Mnangagwa breaks silence

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HARARE – Vice President Emmerson Mnangagwa ended weeks of silence on his alleged poisoning by thanking God for sparing his life during the sudden illness in Gwanda which saw him being airlifted to South Africa for emergency surgery this month.

By Gift Phiri

Mnangagwa, who turns 75 next month, is touted as a possible successor to President Robert Mugabe.

He was airlifted to South Africa three weeks ago after falling ill while attending a Zanu PF youth interface rally in Gwanda.

“Handizivi kuti pandakararama apa Mwari achandipa mamwe mangani (After this close shave, I don’t know how many more years God will give me),” said Mnangagwa during his visit to the Muzenda home where he had gone to pay his condolences on Friday.

“Pamwe uchangouya odzura hake. Mwari ndivo mukuru wazvose. Akada kukutora hazvina muvhunzo, hazvina consultation, hazvina feasibility study. (Perhaps he will return to pluck me. Everything is under the control of the sovereignty of God. When He decides to take you, you can’t argue with His decision, there are no consultations, no feasibility studies).”

Mnangagwa, speaking in vernacular, said everyone was a flower in God’s garden, and in another aspect, we all are sojourners here, and that this world is not our home.

Quoting Psalm 135:6, Mnangagwa said whatever the Lord pleases, He does, in Heaven and on Earth, in the seas and in all deeps.

Mnangagwa was absent from the burial of Moudy Aloisia Muzenda, the late VP Simon Muzenda’s widow, whose remains were interred at the National Heroes Acre on Saturday.

Mugabe told mourners at the Heroes Acre that Mnangagwa’s health was not yet permitting him to attend public and national events.

“Mnangagwa, we were with him but he told us, he has not fully recovered and will not be able to come to the Heroes Acre. His doctors told him that he must not strain himself at this juncture. He went home to rest,” Mugabe said.

Mnangagwa fell ill during Mugabe’s address to the youths at Pelandaba Stadium in a development which has further strained relations among mistrusting Zanu PF senior officials.

Government has claimed Mnangagwa — seen as the most likely official to take over from Mugabe in the event that he leaves office — consumed “stale food”.

Mnangagwa’s family and allies insist, however, that the vice president was poisoned by rivals.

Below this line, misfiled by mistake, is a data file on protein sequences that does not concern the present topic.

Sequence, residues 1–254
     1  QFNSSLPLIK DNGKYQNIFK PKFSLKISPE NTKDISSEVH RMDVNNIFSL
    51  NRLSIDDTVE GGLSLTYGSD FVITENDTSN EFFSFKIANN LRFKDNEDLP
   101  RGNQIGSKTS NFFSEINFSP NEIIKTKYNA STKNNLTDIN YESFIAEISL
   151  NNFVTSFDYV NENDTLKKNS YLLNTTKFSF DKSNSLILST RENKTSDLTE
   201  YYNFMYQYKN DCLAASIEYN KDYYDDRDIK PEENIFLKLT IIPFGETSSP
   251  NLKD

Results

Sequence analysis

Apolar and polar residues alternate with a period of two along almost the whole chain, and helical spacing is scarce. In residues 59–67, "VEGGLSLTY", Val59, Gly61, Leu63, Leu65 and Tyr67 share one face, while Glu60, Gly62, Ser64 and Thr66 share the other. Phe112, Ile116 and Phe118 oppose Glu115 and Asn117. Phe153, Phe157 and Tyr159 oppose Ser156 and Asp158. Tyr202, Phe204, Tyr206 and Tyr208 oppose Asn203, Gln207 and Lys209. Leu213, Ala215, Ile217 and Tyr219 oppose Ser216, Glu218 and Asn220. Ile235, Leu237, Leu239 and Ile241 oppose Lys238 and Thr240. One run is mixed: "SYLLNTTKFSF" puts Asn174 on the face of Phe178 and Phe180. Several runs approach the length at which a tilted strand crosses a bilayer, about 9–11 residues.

“He did not consume any stale food. He flew from Harare to Bulawayo along with many other people before taking a helicopter to Gwanda, so I wonder where the stale food would have come from,” Cabinet minister  and Mnangagwa’s confidante, Joram Gumbo, told the Daily News recently.

Police have said they have not received any formal complaints to investigate the alleged poisoning of Mnangagwa.

Police spokesperson senior assistant commissioner Charity Charamba told the Daily News last week that they could not look into the allegations without a formal complaint, and said it was up to any potential victims to come forward to tell their stories to police.

Sources told the Daily News that Mnangagwa suspects he could have eaten poisoned food in the helicopter he boarded with Defence minister Sydney Sekeramayi, Health minister David Parirenyatwa and aides.

In the helicopter, he is said to have eaten pre-packed food in kaylite boxes which included samoosas, chicken and a sausage roll.

Mnangagwa’s vomiting, according to those close to him, was described by doctors as projectile vomiting.

Projectile vomiting refers to vomiting that ejects the gastric contents with great force and in some cases it can be so forceful that some material exits through the nose.

Mnangagwa’s associates say this vomiting was not consistent with effects of eating “stale” food.

They said if he had not vomited in Gwanda where he flushed out about 125 level of poison, he could have died as doctors in South Africa still discovered he had about 375 level in his body, prompting emergency surgery.

Mnangagwa is said to have lost six litres of fluids during this period.

There has been widespread speculation that Mnangagwa consumed food poisoned by his Zanu PF rivals in an attempt to physically eliminate him from the succession race.

With Mugabe turning 94 in February next year, fierce jostling has emerged among his top lieutenants who believe they have what it takes to succeed him.

The race, which has been on for the past two decades, has had its intrigues.

Four vice presidents have so far succumbed to varying ailments, denying them the opportunity to get a chance to run for the top office.

These are Joshua Nkomo (1917–1999); Simon Muzenda (1922–2003); Joseph Msika (1923–2009) and John Landa Nkomo (1934–2013).

More interestingly, Joice Mujuru, once seen as a shoo-in to take over from Mugabe, was fired from Zanu PF and government in 2014 for plotting to dethrone her boss using unconstitutional means.

Mujuru, who is now leading the National People’s Party, had deputised Mugabe for about 10 years.

Nicknamed “the crocodile” in the Shona language, Mnangagwa was appointed after the sacking of Mujuru.

But since taking over from Mujuru, Mnangagwa has found himself facing similar charges from his internal rivals of plotting to unseat Mugabe.

Mnangagwa’s allies are therefore pointing an accusing finger at their rivals in G40 for what happened in Gwanda although there is no evidence to validate their claims.

In the past, there have been six break-ins at his offices with his allies saying those were plots to eliminate him.